This guy. The guy across the street. The guy on the opposite corner, selling dogs like I ain’t already over here with my cart. He’s a real piece of work. Thing is, I ain’t selling hotdogs, and neither’s he. I mean we’re selling hotdogs, but hotdogs ain’t all we’re selling. If somebody needs something a little harder than alcohol, or if somebody needs a guy’s arm broken, then they come see the hotdog man.
Everybody used to come see me to place a bet or get a small loan, but not no more. The guy across the street got all the business. Yeah, he’s looking at me right now. “How are you doing, shithead? Yeah, have a nice day, asshole.” Yesterday, I went over there and punched him in the head. Of course he hit me back. Split my damn lip. But that’s okay because today I’m coming out on top.
I really ain’t playing. The guy on the opposite corner don’t take the hint, so I have to take extraordinary measures. Nobody’s going to frequent his place of business after what I just did. See, when he ducked out earlier to take a leak, I walked over to his cart and poisoned his diced onion tray with arsenic.
When the guy across the street comes back, I shoot him a sneering death stare from my cart. Damn. I got to water the crops now too. The paperboy who just showed up on the corner keeps an eye my establishment while I step away. He knows what’s up. I take my wad of cash though, I ain’t no sucker. Down the street, I hit up the market. The owner don’t have a public toilet, but he lets me use it anyway. He knows not to refuse the hotdog man.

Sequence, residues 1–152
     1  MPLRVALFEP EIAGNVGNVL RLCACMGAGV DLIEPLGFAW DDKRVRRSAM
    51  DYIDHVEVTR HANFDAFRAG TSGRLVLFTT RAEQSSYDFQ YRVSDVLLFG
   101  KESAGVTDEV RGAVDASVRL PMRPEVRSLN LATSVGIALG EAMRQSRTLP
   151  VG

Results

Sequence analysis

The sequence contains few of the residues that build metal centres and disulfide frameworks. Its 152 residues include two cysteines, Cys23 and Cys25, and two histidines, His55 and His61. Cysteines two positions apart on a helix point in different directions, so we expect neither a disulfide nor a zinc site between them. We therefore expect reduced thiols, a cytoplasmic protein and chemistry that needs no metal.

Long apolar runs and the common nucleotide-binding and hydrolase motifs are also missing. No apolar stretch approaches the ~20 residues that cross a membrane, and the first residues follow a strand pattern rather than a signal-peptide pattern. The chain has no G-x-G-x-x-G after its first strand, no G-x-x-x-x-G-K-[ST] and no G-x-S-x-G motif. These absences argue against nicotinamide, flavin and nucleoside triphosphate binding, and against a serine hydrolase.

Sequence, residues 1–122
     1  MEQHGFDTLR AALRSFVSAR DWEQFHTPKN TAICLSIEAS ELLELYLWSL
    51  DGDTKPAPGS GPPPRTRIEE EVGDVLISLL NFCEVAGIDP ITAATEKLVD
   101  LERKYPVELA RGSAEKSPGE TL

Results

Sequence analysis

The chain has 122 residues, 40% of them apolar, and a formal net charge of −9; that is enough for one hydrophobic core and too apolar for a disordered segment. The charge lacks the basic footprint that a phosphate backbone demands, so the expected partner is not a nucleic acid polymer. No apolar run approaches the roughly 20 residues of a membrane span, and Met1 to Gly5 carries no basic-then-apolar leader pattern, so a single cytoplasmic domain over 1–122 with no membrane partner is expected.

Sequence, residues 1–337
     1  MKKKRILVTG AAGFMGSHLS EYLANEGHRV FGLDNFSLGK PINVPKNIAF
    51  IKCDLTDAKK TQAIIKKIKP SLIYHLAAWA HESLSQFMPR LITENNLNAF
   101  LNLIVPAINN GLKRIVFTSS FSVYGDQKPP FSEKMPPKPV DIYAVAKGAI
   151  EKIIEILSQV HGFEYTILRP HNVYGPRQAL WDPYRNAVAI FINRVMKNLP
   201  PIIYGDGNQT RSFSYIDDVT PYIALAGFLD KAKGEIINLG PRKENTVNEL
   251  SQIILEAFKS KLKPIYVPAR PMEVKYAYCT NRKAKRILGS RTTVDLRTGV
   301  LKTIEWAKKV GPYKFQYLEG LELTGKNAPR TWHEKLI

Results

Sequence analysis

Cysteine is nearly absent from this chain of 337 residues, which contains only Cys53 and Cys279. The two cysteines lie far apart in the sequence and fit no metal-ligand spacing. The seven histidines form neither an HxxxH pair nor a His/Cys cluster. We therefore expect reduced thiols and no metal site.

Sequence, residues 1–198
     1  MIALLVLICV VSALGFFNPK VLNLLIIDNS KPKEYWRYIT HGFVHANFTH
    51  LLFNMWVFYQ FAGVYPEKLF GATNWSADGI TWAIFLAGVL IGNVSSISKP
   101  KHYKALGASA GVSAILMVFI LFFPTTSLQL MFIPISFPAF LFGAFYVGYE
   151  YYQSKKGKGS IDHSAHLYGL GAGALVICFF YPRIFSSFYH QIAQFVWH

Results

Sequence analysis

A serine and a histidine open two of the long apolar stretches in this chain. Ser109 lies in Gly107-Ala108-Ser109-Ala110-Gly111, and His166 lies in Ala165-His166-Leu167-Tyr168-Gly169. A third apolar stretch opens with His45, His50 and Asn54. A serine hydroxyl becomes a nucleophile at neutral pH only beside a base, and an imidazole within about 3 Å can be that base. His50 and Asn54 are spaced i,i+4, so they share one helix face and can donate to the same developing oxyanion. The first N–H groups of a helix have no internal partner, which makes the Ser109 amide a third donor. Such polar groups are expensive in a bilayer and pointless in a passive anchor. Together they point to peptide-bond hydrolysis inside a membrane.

When I return to my business, there’s a line of people queued up in front of jack-off’s cart across the street.
“Eat up, suckers,” I say with a laugh, and make my own hotdog. I squirt extra mustard on it, and make it rain onions. “Oh yeah, baby.”
“What’s so funny, pops?” the paperboy asks with a confused look on his face.
“Ain’t this a great place, kid?” I say. “Some countries are known for opera and architecture, but us, we got hotdogs.”
“His hotdogs, pops,” The paperboy says. “Not yours.”
“It ain’t wise to move in on a hard workin’ guy’s business. Guy does something like that ends up in unfavorable circumstances.”
“Like selling all his dogs while you’re stuck holding your own tube steak?” The paperboy asks. “Is that what you mean by unfavorable circumstances?”
“Heard there was a bad batch of onions going around,” I say, and disappear half my hotdog into my face.
“That’s weird,” The kid says.
“What’s weird?” I ask. “They got all kinds of health hazards out in the fields. Salmonella, listeria and what have you.”
“No, it’s weird you mentioning onions.”
“Why?” I ask. “You don’t have onions and mustard. You don’t have a hotdog.”
“No, that you said that guy over there might get bad ones.”
“I hear there’s something going around. You got to know the right people in the produce business. Something tells me this guy don’t know the right people.”
“No, it’s weird because when you left to take a piss, he came over with a tray of diced onions, and put it in your cart. I asked him what he was doing, and he told me he was returning the onions you gave him earlier.”
I look down at my half eaten hotdog. A few diced onions lay against the gnarled sausage.
I sidestep left, and collide hard with a street lamp. Where the hell did that thing come from? Why is everybody staring at me all of a sudden? Is that blood in my eyes? Didn’t realize how fast this stuff kicked in. I can’t see for shit. Placing my hands on the cart for balance, I lean forward with a gasp. My strength withers as my head plunges into the vat of hotdog water bubbling below me.